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Remembering the iconic Ozark Club of Great Falls

Remembering the iconic Ozark Club of Great Falls
Posted at 7:40 PM, Feb 16, 2022
and last updated 2022-02-17 16:23:30-05

GREAT FALLS — Starting in 1933, the Ozark Club in Great Falls not only became an entertainment sensation, but was known to be one of the best between Chicago and the West.

It will be nearly 60 years since the Club was burned down on the night of June of 1962 - but the memory and history lives on.

The Ozark was widely known for its quality entertainment featuring some of the best jazz musicians in the western United States. Some say it was the best between Chicago and the West. The Club was owned and operated by African-American boxer Leo Lamar.

The Ozark was an immediate success, and by the fall of 1935, the Ozark Club moved to 116-118 Third Street South.

Kristi Scott, who serves as the director for the Cascade County Historical Society, said, "For over three decades, they brought some of the best jazz in the country, right here to Great Falls Montana, and that was a big deal when you think about all of this establishment, bringing in entertainment really before the Civil Rights Movement, and you had people of all creeds and colors mixing and dancing, and celebrating music."

Initially catering to a black population, early in World War II, Leo Lamar was able to racially integrate the crowd under the theme, “All are welcome.” 

Remembering the iconic Ozark Club of Great Falls

Scott noted, "The Ozark Club Absolutely broke racial barriers. This is a club that operated pre-Civil Rights Movement, when there was segregation going on across the country, and then right here in Great Falls Montana where you might not suspect this black-owned jazz club operating on the south side of Great Falls, who welcomed all people."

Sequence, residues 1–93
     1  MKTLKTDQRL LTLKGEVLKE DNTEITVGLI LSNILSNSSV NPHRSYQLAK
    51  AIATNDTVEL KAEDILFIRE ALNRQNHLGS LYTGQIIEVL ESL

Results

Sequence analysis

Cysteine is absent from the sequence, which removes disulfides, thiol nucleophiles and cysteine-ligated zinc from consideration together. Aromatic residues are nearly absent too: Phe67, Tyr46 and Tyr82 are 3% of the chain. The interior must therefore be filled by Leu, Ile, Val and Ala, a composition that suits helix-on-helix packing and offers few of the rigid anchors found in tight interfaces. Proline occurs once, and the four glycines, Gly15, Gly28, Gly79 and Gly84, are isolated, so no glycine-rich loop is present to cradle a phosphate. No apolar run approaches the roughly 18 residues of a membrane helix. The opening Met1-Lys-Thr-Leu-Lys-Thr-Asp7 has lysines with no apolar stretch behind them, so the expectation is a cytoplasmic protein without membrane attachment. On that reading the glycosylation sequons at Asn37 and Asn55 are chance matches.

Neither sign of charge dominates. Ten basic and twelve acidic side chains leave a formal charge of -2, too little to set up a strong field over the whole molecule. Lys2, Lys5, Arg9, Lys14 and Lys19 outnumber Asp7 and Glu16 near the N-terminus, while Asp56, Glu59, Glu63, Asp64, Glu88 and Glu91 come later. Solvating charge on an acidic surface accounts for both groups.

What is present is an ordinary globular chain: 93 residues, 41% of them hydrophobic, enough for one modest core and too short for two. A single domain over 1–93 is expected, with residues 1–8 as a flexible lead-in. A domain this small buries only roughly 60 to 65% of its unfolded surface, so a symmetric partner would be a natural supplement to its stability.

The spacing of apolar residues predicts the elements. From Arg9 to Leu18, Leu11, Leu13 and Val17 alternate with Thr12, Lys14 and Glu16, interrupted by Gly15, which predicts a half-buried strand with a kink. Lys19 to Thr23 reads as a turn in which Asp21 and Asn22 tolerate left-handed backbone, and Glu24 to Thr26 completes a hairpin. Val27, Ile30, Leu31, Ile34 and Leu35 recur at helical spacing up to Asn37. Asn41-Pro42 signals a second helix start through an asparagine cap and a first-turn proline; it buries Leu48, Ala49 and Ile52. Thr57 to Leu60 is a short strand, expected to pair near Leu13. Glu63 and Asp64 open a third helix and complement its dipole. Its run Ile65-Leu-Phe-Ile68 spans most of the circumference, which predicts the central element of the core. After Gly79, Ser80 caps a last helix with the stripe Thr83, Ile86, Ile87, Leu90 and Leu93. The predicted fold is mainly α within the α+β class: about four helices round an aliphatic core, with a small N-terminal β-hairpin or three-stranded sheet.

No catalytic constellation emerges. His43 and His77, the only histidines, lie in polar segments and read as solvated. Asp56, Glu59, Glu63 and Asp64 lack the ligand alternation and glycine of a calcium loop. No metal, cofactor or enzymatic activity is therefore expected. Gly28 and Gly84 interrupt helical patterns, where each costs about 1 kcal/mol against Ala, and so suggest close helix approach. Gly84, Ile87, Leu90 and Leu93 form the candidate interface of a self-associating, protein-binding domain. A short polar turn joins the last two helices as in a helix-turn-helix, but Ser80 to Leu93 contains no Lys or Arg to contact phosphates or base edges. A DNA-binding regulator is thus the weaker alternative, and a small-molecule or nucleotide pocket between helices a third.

A night at the Ozark was said to be an exciting experience, until 1962, weeks after the passing of its owner Leo after he suffered a deadly heart attack. when a late-night fire occurred, leading to the end of the Ozark Club, and suspicions raised as to the cause.

Scott said, "We don't know the exact cause of the fire; we do know that hardship had struck the family with Leo passing away, and not long after that, the club burned to the ground."

While the actual Ozark Club may no longer be with us, the memories of bringing excitement and entertainment still exists to this day. You can experience the legacy of the Ozark Club at the History Museum, located at 422 2nd Street South; click here to visit the website.


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